RESTRAINT OF TRADE
Shylock v. Antonio
Plaintiff’s First Interrogatories
Interrogatory No. 4: If you prick us, do we not bleed? If you tickle us, do we not laugh? If you poison us, do we not die? And if you wrong us, shall we not revenge?
Answer: Defendant objects to Interrogatory No. 4 on the ground that whether pricking, tickling, poisoning, or wronging is the proximate cause of bleeding, laughing, death, or the seeking of revenge, respectively, can only be established through expert testimony. Because Plaintiff has failed to timely disclose expert(s) and submit expert reports covering these subjects pursuant to Federal Rule of Civil Procedure 26, Plaintiff should be barred from presenting evidence on these points, and Defendant has no obligation to respond to this interrogatory. Subject to and without waiving this objection, Defendant denies that he pricked, tickled, poisoned or in any way wronged Plaintiff. Defendant further states that it has not yet determined who, if anyone, it intends to use as expert witnesses, but reserves the right to designate expert(s) in accordance with Rule 26.
CIVIL RIGHTS/WRONGFUL DEATH
Estate of Julius Caesar v. Cassius, Casca,
Brutus, et al.
Interrogatory No. 14: Et tu, Brute?
Answer: Defendant Brutus objects to Interrogatory No. 14 on the ground that it is vague and ambiguous. Furthermore, to the extent that the interrogatory seeks to establish the actions of defendant Brutus as a proximate cause of Caesar’s death, defendant asserts that the interrogatory is beyond the scope of interrogatories and is a question of fact to be determined by jury.
Hamlet v. Hamlet
Interrogatory No. 1: To be, or not to be: that is the question: Whether ’tis nobler in the mind to suffer the slings and arrows of outrageous fortune or to take arms against a sea of troubles, and by opposing end them?
Answer: Defendant objects to Interrogatory No. 1 on the ground that it is overly broad, unduly burdensome and not reasonably calculated to lead to the discovery of admissible evidence to the extent it seeks to answer one of life’s unanswerable metaphysical questions. Defendant further objects on the ground that Int. No. 1 is too vague and ambiguous to permit a meaningful response due to the variation in the type of slings and arrows, and the unknown skill with which outrageous fortune may wield such.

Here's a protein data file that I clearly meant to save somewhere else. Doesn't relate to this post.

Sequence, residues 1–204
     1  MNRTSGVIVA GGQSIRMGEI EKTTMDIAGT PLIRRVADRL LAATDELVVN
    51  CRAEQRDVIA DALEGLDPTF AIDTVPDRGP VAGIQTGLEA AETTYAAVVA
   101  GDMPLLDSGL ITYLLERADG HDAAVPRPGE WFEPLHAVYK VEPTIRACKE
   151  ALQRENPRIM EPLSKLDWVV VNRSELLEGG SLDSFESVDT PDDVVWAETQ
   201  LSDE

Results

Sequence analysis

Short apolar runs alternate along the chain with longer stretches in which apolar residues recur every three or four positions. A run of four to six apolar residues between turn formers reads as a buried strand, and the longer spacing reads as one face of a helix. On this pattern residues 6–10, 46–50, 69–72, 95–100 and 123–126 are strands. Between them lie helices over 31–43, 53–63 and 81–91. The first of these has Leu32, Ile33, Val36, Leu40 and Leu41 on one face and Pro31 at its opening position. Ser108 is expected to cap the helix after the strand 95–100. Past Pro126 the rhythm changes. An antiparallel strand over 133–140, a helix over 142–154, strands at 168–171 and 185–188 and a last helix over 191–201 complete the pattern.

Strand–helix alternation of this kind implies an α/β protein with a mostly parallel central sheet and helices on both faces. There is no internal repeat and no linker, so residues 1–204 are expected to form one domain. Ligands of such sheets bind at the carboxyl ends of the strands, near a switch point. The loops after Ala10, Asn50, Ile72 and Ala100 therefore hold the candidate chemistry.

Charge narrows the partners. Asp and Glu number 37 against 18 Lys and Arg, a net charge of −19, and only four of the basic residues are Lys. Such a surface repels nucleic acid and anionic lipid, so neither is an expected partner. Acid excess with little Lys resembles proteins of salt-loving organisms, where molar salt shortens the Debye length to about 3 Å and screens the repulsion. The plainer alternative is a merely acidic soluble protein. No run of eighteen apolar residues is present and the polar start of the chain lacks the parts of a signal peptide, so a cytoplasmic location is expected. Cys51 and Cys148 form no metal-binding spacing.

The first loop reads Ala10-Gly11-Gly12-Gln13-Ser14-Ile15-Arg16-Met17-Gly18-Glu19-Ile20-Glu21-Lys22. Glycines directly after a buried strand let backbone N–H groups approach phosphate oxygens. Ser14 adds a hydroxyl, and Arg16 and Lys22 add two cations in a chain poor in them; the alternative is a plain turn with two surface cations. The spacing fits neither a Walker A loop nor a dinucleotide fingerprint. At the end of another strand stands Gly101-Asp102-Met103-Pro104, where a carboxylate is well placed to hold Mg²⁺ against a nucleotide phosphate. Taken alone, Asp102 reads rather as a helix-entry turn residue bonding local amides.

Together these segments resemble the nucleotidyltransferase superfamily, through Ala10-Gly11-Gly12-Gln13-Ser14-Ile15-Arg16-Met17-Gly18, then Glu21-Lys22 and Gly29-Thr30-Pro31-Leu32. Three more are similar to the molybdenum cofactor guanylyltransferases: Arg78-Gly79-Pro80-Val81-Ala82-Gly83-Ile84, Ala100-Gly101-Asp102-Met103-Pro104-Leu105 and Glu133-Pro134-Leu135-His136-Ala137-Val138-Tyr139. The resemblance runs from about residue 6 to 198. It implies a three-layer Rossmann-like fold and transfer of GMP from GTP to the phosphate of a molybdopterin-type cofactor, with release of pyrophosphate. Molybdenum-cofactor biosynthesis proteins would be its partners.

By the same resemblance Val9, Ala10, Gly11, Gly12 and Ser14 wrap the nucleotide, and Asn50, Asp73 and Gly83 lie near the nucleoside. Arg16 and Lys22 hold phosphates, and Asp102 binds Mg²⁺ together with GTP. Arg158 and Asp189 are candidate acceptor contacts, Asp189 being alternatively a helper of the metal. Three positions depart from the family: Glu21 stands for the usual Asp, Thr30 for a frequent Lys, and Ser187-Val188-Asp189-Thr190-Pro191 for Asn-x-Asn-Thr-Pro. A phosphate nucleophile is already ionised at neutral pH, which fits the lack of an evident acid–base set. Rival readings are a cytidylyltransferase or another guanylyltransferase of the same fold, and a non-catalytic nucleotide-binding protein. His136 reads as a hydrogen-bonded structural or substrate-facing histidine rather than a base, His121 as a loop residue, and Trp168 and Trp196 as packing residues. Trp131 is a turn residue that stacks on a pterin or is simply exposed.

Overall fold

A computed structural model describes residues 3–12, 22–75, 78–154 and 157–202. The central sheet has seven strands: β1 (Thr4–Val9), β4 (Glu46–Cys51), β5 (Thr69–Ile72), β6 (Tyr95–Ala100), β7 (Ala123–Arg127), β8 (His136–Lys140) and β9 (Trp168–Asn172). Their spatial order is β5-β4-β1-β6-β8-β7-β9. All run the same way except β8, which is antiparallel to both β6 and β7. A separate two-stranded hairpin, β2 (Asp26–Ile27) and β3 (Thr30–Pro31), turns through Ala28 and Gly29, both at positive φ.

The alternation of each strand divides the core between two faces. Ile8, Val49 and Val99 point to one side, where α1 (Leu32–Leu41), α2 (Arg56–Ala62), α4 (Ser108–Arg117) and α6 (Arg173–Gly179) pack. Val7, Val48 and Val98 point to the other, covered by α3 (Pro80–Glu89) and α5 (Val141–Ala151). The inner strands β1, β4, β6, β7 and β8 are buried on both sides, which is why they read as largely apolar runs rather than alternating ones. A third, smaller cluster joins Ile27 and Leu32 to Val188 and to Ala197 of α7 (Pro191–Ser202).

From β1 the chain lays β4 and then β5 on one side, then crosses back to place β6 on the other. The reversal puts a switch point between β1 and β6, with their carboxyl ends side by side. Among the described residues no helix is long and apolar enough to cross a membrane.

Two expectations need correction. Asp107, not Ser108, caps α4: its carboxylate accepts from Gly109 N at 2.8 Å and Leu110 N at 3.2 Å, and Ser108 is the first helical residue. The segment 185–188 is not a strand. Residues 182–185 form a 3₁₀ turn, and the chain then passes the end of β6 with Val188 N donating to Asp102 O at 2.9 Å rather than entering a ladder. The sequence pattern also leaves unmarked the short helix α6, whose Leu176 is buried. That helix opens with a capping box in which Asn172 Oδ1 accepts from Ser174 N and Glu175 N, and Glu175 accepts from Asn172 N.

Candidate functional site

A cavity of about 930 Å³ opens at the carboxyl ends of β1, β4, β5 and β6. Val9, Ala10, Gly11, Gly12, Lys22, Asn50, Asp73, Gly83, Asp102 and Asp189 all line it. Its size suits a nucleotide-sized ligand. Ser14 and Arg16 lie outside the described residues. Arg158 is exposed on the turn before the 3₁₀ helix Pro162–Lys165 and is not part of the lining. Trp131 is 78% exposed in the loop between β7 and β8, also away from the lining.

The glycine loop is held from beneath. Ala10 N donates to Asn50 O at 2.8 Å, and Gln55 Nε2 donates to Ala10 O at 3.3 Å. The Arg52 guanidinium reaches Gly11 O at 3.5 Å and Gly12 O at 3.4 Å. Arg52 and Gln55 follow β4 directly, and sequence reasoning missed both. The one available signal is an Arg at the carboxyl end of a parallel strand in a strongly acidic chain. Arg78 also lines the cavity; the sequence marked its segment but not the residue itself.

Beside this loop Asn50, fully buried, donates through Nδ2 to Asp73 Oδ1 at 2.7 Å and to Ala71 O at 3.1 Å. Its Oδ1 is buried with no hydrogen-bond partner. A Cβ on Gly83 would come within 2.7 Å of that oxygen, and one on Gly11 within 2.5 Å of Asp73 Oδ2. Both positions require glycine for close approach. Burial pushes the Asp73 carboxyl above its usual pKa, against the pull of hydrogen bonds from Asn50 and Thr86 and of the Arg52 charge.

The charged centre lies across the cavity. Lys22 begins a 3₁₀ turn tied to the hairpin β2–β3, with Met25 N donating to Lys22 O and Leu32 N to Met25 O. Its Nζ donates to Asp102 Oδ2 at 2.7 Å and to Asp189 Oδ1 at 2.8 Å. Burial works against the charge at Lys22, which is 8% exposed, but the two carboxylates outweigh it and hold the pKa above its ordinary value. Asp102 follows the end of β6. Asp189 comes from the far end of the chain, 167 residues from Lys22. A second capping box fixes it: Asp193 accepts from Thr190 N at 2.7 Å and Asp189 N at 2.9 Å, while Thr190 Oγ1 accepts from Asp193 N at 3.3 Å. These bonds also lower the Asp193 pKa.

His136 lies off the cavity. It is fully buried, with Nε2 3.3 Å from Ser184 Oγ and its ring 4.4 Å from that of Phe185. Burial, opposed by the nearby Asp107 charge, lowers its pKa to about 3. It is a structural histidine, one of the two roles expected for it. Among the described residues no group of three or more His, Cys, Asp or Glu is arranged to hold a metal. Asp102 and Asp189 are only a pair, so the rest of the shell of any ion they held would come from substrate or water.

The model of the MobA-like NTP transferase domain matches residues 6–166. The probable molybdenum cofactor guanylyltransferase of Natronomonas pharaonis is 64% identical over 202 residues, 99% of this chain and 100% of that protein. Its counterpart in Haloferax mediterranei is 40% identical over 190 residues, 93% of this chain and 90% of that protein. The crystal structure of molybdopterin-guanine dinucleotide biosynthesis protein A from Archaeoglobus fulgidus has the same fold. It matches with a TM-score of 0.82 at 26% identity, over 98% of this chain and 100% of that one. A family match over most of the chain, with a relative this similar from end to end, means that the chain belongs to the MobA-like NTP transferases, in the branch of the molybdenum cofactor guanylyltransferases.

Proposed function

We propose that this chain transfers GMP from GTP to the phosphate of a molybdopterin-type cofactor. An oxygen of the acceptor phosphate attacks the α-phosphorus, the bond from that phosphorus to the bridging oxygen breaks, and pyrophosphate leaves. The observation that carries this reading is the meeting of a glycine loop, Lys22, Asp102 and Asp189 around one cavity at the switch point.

INTENTIONAL INFLICTION OF EMOTIONAL DISTRESS
Capulet v. Montague
Interrogatory No. 4: O Romeo, Romeo! Wherefore art thou Romeo?
Answer: Defendant objects. Defendant, in his Answer to Plaintiff’s First Amended Complaint, has already conceded the court has in personam jurisdiction over him, and he has also availed himself of the Verona courts in filing his Counterclaim and Third-Party Counterclaim (see also interrogatories attached below). Any further information regarding Defendant’s location is therefore irrelevant. What is more, Plaintiff and the court are aware that one of Defendant’s allegations in his Third-Party Counterclaim lawsuit is that members of Plaintiff’s family have threatened his life and intend to do him bodily harm with swords. Defendant considers efforts, such as this question, to ascertain his whereabouts to be related to the illegal purpose of causing him bodily harm, rather than for any legitimate purposes relating to this (or Defendant’s) lawsuit. Accordingly, Defendant will seek sanctions against Plaintiff’s attorneys for any further abuses of the discovery process.
VARIOUS INTENTIONAL TORTS
Montague v. Capulet, et al.
Interrogatory No. 25: But, soft! What light through yonder window breaks?
Answer: The referred-to light is a product of Star-crossed Industries, Ltd., a division of The Capulet Co., Inc. More specifically, the no-glare, artificial light was generated by the new Star-crossed Home Artificial Kerosene Emission System™, patent pending; the low-energy light produced is soft on the eyes and perfect for reading or any other home activity. Defendant objects to disclosing more detailed information about the light-any other information would be relevant to neither the Counterclaim nor the Third-Party Counterclaim, and, more important, it would require the disclosure of protected trade secrets. Counterclaim Defendant directs Counterclaim Plaintiff to direct any further inquiries regarding the referred-to light to counsel for The Capulet Co., Inc.